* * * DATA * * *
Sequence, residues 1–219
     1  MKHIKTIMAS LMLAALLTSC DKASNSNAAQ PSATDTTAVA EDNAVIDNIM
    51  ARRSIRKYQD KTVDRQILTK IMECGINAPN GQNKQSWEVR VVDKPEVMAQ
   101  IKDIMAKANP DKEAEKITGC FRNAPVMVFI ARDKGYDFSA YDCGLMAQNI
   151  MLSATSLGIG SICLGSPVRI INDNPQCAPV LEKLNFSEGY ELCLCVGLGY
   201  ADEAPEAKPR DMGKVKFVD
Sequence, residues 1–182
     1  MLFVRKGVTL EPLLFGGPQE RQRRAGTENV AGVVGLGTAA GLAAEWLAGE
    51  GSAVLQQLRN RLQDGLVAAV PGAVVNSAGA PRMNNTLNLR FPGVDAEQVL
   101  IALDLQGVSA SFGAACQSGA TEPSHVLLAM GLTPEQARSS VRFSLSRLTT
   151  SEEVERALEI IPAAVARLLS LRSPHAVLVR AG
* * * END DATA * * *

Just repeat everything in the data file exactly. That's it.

Sequence, residues 1–219
     1  MKHIKTIMAS LMLAALLTSC DKASNSNAAQ PSATDTTAVA EDNAVIDNIM
    51  ARRSIRKYQD KTVDRQILTK IMECGINAPN GQNKQSWEVR VVDKPEVMAQ
   101  IKDIMAKANP DKEAEKITGC FRNAPVMVFI ARDKGYDFSA YDCGLMAQNI
   151  MLSATSLGIG SICLGSPVRI INDNPQCAPV LEKLNFSEGY ELCLCVGLGY
   201  ADEAPEAKPR DMGKVKFVD
Sequence, residues 1–182
     1  MLFVRKGVTL EPLLFGGPQE RQRRAGTENV AGVVGLGTAA GLAAEWLAGE
    51  GSAVLQQLRN RLQDGLVAAV PGAVVNSAGA PRMNNTLNLR FPGVDAEQVL
   101  IALDLQGVSA SFGAACQSGA TEPSHVLLAM GLTPEQARSS VRFSLSRLTT
   151  SEEVERALEI IPAAVARLLS LRSPHAVLVR AG